The Secrets of Industrial Composting: Texas' Biggest Composter Reveals All (Video)

the king of compost photo

Image credit: Science Friday

Only a Texan would describe compost as "steak and potatoes for plants".

San Antonio's Malcolm Beck has been composting for over 50 years—back when, he says, hardly anyone had even heard of compost. He has since grown his business to become the largest composter in Texas. NPR's Science Friday recently paid him a visit, and he revealed many of the secrets of his trade—including what his most prized compost consists of... and what it really consists of. (Nothing is ever quite what it seems.)

We have, of course, seen footage of industrial-scale composting before, but what makes this video so great is the passion—and experience—of Mr Beck, who founded his business, Garden Ville, way back in 1957.

From telling us that bat guano is his most prized source of compost, to revealing that this very same bat guano is really beetle guano (beetles break down the bat poop before it is collected), Beck has plenty of factoids for the compost geeks out there. He also shows us the crucial test that this professional uses to tell when compost is ready—and it's the very same low-tech approach used by urban humanure enthusiasts in Oakland—just take a big sniff.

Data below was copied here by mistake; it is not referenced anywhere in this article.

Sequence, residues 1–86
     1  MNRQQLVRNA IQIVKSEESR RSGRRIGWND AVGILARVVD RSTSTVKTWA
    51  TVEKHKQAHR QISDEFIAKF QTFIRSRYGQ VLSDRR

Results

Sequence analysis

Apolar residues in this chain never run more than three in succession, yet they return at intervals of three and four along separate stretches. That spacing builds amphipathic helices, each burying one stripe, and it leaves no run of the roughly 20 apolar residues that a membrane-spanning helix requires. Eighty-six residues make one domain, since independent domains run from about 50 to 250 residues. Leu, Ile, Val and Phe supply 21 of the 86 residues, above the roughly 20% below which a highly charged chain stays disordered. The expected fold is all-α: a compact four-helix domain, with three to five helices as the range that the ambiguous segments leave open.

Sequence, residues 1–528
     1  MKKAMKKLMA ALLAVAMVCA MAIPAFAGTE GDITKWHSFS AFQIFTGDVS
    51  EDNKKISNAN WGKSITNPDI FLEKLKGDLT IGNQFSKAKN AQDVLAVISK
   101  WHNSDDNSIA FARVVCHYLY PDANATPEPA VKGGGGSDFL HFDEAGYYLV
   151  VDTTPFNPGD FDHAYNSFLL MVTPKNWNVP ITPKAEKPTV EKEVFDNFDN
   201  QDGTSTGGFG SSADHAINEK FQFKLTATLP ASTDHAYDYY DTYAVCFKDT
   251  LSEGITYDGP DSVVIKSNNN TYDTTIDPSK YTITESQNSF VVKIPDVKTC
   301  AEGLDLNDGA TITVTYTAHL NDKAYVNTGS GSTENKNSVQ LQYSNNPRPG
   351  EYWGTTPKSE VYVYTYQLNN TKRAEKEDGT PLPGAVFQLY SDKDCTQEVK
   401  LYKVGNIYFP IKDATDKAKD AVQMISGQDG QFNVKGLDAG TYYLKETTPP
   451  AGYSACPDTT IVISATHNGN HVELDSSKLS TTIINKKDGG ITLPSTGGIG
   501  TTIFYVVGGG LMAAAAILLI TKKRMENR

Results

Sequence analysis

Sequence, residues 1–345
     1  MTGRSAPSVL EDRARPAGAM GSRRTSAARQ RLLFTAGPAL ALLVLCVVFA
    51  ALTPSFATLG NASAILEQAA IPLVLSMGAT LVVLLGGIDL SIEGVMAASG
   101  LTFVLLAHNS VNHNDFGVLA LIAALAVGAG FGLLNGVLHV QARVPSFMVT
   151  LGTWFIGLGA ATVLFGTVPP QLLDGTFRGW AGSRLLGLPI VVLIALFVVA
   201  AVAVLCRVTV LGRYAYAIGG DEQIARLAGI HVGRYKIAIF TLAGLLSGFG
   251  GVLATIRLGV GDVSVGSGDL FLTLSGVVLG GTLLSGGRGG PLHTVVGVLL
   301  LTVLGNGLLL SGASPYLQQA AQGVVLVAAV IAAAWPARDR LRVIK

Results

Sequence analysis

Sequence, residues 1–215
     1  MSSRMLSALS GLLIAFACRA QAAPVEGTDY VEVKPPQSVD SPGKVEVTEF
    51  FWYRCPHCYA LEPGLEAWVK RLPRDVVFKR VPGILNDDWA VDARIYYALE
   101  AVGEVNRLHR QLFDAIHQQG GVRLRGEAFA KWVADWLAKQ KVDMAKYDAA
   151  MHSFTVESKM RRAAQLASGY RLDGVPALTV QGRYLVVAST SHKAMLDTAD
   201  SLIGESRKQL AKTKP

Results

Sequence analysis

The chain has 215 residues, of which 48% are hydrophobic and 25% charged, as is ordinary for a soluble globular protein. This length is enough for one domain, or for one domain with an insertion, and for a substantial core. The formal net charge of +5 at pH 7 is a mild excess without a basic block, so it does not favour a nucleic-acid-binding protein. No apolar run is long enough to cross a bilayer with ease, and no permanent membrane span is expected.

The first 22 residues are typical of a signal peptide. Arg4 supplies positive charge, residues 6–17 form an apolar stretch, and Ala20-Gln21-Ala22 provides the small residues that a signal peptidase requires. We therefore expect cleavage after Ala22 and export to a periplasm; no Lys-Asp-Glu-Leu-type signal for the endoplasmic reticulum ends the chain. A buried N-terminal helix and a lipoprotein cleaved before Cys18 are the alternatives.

TreeHugger readers are, most likely, compost enthusiasts already, so I am not sure how many new converts this video will win over here. But it is interesting to note just how novel the presenters of Science Friday seem to find the whole business—dwelling for an awfully long time on the ickiness factor of manure as they introduce the video. If early signs that peak fertilizer may make manure a valuable commodity prove to be correct, the days of compost pioneers as light-hearted novelty stories tacked on the end of a show may soon come to an end. Either way, thank goodness for gurus like Malcolm Beck who remind us that one person's (or beetle's) waste is another persons treasure.

More on Large-Scale Composting
Peak Fertilizer to Make Manure a Valuable Commodity
a href="">Behind-the-Scenes Footage of Industrial-Scale Composting (Video)
Mandatory Composting Law a Success in San Francisco

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